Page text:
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What to expect in the Intensive Care Unit (ICU)

The Maitland Hospital Intensive Care Unit (ICU) is a specialty area of the hospital where we care for the sickest patients. Caring for our patients and their family and friends is very important to us.

We understand that visiting the ICU can be overwhelming and confusing for anyone. We hope that the information we provide helps explain some of the things you may come across in the Intensive Care environment.

The Intensive Care Unit  is located  on Level 1.

Enter through the Main Entrance, continue straight ahead until you arrive at the lifts on your right.

Take the lifts to Level 1 and follow the signs when you exit to the Intensive Care Unit  (ICU).

Visiting information

  • Visiting is encouraged between 10am – 1pm and 3pm till 8pm.
    • Visiting outside these hours is flexible and can be arranged by phoning the Nurse Team Leader through the switchboard (02) 4087 1000 or after hours through the security at the hospital Main Entrance.
  • On arrival to ICU , press the buzzer and wait for your call to be answered by a staff member.   Sometimes you will have to wait a while because we may be attending to patient care.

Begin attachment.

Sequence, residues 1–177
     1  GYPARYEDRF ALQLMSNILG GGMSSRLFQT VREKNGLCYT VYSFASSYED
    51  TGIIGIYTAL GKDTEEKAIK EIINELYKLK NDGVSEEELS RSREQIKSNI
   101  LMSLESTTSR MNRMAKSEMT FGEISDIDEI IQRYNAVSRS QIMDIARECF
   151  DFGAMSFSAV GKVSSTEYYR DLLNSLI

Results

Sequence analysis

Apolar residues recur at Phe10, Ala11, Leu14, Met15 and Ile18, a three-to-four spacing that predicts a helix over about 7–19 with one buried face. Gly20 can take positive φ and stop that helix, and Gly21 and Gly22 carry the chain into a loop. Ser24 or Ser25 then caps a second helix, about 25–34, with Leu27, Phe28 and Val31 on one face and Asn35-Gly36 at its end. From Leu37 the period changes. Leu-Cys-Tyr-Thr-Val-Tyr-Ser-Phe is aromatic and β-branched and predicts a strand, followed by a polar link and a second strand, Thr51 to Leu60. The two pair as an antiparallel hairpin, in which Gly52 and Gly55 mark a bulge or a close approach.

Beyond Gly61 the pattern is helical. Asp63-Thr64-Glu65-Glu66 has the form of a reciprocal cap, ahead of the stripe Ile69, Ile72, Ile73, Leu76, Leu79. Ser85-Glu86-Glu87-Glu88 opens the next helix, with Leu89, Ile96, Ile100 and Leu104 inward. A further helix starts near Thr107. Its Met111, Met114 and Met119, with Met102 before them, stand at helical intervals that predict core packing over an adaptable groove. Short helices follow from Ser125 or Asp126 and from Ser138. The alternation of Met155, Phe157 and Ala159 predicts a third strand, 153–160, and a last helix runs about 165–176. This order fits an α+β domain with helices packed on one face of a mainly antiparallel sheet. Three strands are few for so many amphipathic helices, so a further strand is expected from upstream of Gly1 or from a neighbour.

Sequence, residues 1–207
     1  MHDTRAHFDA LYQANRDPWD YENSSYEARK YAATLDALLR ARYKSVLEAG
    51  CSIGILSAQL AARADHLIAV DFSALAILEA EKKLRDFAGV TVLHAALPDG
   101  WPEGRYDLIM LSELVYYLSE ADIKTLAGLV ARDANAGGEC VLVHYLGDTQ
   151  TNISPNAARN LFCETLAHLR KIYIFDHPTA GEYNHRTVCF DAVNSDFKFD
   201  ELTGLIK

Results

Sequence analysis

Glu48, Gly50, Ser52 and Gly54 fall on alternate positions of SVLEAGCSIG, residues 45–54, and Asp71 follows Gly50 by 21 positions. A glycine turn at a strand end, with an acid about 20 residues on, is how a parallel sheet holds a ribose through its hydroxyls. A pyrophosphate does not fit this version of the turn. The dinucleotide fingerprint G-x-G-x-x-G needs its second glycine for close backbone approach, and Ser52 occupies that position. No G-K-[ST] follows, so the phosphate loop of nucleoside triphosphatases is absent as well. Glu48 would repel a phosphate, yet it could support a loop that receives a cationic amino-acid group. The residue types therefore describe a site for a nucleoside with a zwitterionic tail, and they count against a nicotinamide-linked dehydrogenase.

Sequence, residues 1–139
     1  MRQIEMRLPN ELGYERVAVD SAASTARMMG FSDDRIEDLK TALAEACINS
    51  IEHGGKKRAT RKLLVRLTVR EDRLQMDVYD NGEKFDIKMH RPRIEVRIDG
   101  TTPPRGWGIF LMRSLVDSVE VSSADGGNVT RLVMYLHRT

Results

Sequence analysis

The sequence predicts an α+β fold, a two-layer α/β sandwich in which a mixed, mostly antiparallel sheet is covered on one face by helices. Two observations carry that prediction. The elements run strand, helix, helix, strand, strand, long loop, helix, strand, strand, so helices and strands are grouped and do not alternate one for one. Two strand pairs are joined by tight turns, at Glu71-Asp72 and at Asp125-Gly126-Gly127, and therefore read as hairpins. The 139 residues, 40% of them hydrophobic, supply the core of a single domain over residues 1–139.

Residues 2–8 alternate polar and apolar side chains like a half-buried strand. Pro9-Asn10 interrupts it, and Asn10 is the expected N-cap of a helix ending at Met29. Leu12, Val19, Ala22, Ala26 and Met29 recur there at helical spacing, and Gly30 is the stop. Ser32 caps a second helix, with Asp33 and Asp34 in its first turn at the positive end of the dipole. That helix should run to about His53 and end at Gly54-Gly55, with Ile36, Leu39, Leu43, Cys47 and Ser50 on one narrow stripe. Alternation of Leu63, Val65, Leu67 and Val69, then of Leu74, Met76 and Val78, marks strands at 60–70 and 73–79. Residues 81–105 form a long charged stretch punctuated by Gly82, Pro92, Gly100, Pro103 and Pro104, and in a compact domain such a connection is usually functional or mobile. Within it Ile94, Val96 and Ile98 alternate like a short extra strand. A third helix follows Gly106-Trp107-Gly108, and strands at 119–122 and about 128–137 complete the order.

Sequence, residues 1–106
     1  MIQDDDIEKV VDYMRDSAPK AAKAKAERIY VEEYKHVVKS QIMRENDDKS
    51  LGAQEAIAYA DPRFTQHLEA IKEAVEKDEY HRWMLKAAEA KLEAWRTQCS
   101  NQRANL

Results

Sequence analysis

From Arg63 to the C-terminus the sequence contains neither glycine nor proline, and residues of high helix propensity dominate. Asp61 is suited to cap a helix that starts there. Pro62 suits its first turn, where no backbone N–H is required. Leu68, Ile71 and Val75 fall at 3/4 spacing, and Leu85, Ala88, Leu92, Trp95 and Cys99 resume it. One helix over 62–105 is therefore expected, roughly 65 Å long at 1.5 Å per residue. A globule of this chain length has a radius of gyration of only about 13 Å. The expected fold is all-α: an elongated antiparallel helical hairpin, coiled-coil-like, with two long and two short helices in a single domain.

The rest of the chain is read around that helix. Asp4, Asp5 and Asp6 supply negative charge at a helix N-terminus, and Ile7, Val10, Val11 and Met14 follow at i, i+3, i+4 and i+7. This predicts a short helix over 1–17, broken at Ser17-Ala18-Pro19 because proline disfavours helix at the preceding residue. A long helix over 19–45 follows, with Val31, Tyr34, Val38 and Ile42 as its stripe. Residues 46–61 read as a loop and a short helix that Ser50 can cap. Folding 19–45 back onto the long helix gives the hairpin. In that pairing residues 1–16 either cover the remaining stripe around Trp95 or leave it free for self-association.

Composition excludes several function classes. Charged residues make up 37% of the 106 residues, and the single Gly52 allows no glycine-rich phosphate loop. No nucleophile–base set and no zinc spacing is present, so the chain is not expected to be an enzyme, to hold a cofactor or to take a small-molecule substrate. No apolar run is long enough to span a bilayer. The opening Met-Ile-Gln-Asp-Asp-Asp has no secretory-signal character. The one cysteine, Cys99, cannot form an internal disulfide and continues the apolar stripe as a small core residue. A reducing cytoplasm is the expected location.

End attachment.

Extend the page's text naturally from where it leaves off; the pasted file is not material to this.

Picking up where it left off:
• A waiting room for visitors is available to take a seat in whilst waiting.
  • In general only 2 visitors per patient are allowed at the bedside, however specific requests can be discussed with the Nurse Team Leader or ICU Nursing Managers.
    • We would recommend not bringing children into the Intensive Care. If children would like to visit, this needs to be pre-arranged with the Nurse Team Leader. Children are to remain with their guardian at all times.
    • Visitors are to use alcohol hand gel on arrival and when leaving the unit. This is located at the entrance to ICU.